Cornering the market

In finance, cornering the market consists of obtaining sufficient control of a particular stock, commodity, or other asset in an attempt to manipulate the market price. One definition of cornering a market is "having the greatest market share in a particular industry without having a monopoly".

Companies that have cornered their markets have usually done so in an attempt to gain greater leeway in their decisions; for example, they may desire to charge higher prices for their products without fears of losing too much business. The cornerer hopes to gain control of enough of the supply of the commodity to be able to set the price for it.

This can be attempted through several mechanisms. The most direct strategy is to simply buy up a large percentage of the available commodity offered for sale in some spot market and hoard it. With the advent of futures trading, a cornerer may buy a large number of futures contracts on a commodity and then sell them at a profit after inflating the price.

Although there have been many attempts to corner markets by massive purchases in everything from tin to cattle, to date very few of these attempts have ever succeeded; instead, most of these attempted corners have tended to break themselves spontaneously. Indeed, as long ago as 1923, Edwin Lefèvre wrote, "very few of the great corners were profitable to the engineers of them."[1] A cornerer can become vulnerable due to the size of the position, especially if the attempt becomes widely known. If the rest of the market senses weakness, it may resist any attempt to artificially drive the market any further by actively taking opposing positions. If the price starts to move against the cornerer, any attempt by the cornerer to sell would likely cause the price to drop substantially. In such a situation, many other parties could profit from the cornerer's need to unwind the position.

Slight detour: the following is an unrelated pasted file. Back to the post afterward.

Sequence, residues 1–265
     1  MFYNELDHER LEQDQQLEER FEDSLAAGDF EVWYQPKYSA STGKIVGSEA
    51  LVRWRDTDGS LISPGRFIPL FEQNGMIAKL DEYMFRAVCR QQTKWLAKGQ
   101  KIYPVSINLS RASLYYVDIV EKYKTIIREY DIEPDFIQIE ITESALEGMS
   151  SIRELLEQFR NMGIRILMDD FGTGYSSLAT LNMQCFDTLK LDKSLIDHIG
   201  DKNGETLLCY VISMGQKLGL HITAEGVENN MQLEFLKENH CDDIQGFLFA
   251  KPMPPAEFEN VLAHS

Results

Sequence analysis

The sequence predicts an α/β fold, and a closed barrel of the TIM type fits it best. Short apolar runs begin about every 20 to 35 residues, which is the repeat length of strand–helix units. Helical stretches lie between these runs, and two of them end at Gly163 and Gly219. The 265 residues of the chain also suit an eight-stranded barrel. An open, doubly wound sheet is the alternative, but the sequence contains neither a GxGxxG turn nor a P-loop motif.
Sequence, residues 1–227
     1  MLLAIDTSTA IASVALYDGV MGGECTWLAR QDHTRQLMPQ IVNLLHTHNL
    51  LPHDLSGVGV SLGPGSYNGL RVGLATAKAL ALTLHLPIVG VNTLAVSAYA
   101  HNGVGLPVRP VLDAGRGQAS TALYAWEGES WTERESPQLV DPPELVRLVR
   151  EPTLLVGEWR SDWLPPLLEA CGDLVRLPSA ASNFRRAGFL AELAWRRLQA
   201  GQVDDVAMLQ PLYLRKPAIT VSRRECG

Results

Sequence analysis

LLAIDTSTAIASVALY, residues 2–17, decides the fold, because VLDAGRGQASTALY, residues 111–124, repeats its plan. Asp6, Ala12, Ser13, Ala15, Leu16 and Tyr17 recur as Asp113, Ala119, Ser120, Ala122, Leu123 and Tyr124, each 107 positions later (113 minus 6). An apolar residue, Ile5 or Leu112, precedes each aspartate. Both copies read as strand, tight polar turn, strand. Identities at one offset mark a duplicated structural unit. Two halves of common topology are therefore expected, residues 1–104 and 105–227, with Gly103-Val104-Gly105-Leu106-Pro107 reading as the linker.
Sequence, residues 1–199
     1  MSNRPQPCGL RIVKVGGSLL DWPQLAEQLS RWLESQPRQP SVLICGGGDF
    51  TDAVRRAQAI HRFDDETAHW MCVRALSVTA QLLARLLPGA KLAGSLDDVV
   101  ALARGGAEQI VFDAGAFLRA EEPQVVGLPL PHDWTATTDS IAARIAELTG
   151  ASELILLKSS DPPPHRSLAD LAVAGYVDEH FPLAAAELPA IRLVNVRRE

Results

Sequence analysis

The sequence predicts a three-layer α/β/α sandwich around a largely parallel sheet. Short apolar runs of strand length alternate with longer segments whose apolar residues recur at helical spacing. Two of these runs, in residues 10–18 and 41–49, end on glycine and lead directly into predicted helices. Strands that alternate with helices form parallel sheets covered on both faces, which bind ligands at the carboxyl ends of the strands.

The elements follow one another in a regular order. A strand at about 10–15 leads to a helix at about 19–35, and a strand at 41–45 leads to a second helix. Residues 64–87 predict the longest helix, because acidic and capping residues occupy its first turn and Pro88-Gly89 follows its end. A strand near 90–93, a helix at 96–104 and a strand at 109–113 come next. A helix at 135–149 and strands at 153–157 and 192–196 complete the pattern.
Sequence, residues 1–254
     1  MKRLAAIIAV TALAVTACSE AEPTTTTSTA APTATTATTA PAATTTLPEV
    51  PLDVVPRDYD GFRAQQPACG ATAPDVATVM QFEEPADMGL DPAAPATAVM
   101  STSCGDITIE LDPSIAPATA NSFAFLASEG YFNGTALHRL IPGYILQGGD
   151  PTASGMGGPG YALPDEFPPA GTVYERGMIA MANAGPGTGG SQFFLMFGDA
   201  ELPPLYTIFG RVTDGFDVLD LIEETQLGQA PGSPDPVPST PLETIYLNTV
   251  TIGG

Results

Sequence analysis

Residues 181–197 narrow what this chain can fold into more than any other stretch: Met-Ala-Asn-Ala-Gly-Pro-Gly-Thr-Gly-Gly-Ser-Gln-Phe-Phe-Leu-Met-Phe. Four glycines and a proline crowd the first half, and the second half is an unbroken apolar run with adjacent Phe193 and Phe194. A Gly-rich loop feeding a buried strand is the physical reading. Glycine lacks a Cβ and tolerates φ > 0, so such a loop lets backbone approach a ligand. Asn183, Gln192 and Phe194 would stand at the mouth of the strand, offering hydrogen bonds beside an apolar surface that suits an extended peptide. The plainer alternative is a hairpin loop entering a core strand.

Historical examples

Thales of Miletus (c. 6th century BC)

According to Aristotle in The Politics (Book I Section 1259a),[2] Thales of Miletus once cornered the market in olive-oil presses:

Thales, so the story goes, because of his poverty was taunted with the uselessness of philosophy; but from his knowledge of astronomy he had observed while it was still winter that there was going to be a large crop of olives, so he raised a small sum of money and paid round deposits for the whole of the olive-presses in Miletus and Chios, which he hired at a low rent as nobody was running him up; and when the season arrived, there was a sudden demand for a number of presses at the same time, and by letting them out on what terms he liked he realized a large sum of money, so proving that it is easy for philosophers to be rich if they choose.